As someone with an actual mental illness severe enough to qualify for disability here in America as well as two stints in the psych ward, I loathe how some people who are just going through a rough patch or have some quirk blame it on some mental illness that they claim to have. It's not a casual, passing thing to place blame on, and it's not trendy. It is something physically wrong with your brain that requires treatment.

Every time I hear some variation of, "oh, you're bipolar? I get mood swings too. Ha, maybe I am too!" I want to punch someone in the throat. Bipolar episodes are severe and typically last for days at a time. Bipolar disorder has the highest suicide rate of all of the psychiatric illnesses, including Schizophrenia, but because of all of the "I went to therapy for a few weeks when I was sad, so I'm a crazy, misunderstood, delicate snowflake now" people, it's now seen as a trendy excuse for being a bit moody.

The obsessive need to find a label for the smallest thing trivializes the struggles of those who are actually mentally ill. I hate it.

I went to a sort of psychiatrist recently. Had about 8 conversations that lasted an hour. Then I was classified as having the most common form of autism, an autism spectrum disorder. At first I thought: So I'm slightly different, and therefore I have an autism spectrum disorder? Didn't seem like they could be sure that I had this just from these few short conversations.

I used to think they didn't label just about everything with a mental disorder, I thought they had decades of research behind this so that a simply different personality wouldn't be classified as an actual sickness. Now I think the opposite.

Feel miserable --> Go see a doctor --> Doctor labels you with depression --> Tell friends/family you have depression --> Feel worse because everyone starts acting awkward around you --> See stage 2 and repeat

Being unemployed atm, I feel miserable alot of the time. But theres no way in hell I'd go see a doctor about it for the reason above - I don't want a stupid label that makes crap worse. Labels (of pretty much any kind) are stupid and damaging, and it seems ridiculous that it's pretty much all that modern psychiatry does.

Grey Day for Elcia:

TheVioletBandit:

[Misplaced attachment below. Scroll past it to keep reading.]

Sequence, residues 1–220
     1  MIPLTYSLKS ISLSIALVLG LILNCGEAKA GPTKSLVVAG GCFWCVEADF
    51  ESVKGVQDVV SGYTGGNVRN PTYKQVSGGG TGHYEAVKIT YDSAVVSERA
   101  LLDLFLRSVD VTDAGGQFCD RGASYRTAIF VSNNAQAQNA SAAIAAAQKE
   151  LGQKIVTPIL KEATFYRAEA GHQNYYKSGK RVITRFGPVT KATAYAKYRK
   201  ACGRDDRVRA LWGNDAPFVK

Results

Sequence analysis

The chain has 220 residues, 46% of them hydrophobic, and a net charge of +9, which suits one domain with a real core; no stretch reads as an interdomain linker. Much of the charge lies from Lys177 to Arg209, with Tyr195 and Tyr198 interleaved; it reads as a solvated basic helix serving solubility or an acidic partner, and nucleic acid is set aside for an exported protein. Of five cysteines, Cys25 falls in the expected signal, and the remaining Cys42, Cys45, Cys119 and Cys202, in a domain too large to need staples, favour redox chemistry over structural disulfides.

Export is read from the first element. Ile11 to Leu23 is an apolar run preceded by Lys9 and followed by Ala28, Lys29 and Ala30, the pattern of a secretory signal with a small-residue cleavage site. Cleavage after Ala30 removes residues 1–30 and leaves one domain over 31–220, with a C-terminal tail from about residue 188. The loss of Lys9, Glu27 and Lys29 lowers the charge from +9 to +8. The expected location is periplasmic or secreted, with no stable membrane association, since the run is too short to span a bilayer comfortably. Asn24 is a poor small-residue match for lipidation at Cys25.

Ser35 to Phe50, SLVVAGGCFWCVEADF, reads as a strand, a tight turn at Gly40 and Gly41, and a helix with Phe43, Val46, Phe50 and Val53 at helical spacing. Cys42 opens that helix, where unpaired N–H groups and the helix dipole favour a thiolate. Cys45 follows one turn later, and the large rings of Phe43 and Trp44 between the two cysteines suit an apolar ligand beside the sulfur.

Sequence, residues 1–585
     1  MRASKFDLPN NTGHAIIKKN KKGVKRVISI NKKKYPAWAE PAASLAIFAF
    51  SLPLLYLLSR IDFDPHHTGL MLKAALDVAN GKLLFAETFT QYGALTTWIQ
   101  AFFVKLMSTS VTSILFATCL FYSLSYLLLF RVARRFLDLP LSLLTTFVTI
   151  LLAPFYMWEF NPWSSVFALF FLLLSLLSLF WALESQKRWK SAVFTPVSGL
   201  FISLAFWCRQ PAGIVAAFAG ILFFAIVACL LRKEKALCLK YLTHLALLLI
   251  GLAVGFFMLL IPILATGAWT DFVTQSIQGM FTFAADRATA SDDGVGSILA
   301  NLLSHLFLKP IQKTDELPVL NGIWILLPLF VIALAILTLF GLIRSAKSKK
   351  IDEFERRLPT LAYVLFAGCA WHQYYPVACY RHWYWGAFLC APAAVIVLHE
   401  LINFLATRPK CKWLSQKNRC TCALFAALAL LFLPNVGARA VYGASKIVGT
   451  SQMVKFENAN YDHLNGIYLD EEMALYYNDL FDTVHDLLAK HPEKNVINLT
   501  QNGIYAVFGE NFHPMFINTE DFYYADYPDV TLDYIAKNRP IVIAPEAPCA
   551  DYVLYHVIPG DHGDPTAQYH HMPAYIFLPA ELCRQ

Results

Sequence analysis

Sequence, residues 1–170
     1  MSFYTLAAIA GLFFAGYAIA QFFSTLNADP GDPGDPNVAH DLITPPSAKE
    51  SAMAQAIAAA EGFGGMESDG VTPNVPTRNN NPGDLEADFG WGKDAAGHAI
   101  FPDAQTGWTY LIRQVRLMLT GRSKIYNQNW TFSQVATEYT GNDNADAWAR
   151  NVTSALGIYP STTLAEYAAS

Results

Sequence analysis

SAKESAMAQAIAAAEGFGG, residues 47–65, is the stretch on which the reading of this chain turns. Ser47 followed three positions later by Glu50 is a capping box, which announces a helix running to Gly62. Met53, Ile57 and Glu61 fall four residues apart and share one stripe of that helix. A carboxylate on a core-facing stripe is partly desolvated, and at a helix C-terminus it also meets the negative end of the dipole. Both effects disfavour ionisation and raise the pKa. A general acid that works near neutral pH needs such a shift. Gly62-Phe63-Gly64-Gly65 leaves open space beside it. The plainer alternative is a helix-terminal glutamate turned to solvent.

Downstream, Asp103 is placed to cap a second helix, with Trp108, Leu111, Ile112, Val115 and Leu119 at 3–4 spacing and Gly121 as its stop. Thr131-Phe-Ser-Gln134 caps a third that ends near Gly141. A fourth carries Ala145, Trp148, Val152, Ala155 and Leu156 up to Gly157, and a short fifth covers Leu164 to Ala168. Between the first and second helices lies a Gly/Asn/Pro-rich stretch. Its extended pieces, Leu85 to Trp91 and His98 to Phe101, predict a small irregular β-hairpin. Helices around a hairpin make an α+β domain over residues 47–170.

I like to see myself as an eccentric free spirit, but every once in a while uptight boring people will treat me like I'm a crazy. I'm okay with it though, because I understand that it's just that they feel safer in their box, while I feel happier outside of it.

That's probably the most beautiful thing I've heard in a while. Cheesy, but just the right amount of cheese.

Thanks, I'm glad you enjoyed it.

VonKlaw:
Feel miserable --> Go see a doctor --> Doctor labels you with depression --> Tell friends/family you have depression --> Feel worse because everyone starts acting awkward around you --> See stage 2 and repeat

They do that? For the record, if a doctor tells you you have depression because you feel like shit, don't believe them and go somewhere else. Depression is characterised by several symptoms and you have to have three or four to even be considered depressed. There is always the possibility of "You have a rough period". Depression actively gets in the way of your life, while feeling bad - not as much.

Doclector:
Or at least, I think so. There, I made it clear it's not necessarily a fact, everyone happy? Okay.

Anyway, these days, it seems that if you visit a psychiatrist, your every action, every word, how you say said words, whether you lie on the coach or sit, everything is dissected, and then you get a perdy little certificate saying "I have nervous schizophrenic dementia with a side order of paranoia" or so on.

Almost every personality trait you have can be called "a mental illness". It's absurd. For one thing, the tag of mental illness is not a nice thing to have, unless you're amongst hipsters who will surely want to take a load of touching pictures of you to put irrelevent captions over, and that just makes it annoying. It's infuriating to know that you are in control, that you are fine, but because you're just a little eccentric, people think you need a carer and tanquilisers kept on stand by just in case you snap.

We need to perhaps re-evaluate what mental health issues mean. There is no need to call something a problem when there is none; Simply an unconventional way of thinking, although, while we're at it, we need to think about how most people think about mental health altogether.

But speaking of thinking, what do you think?

Having being diagnosed by a brain picker with an "acute anxiety disorder" or something to that extent, I can tell you that no, I wasn't labelled as MAD. I have problems that need resolutions. Knowing where my problems are coming from (at their core, I have many problems that are seemingly unrelated otherwise) helped me immeasurably, though I'm struggling to progress any further at this time.

I'm not broken, It's not a quirk and I'm certainly not going to get stigmatised for it (unless I let it rule my life).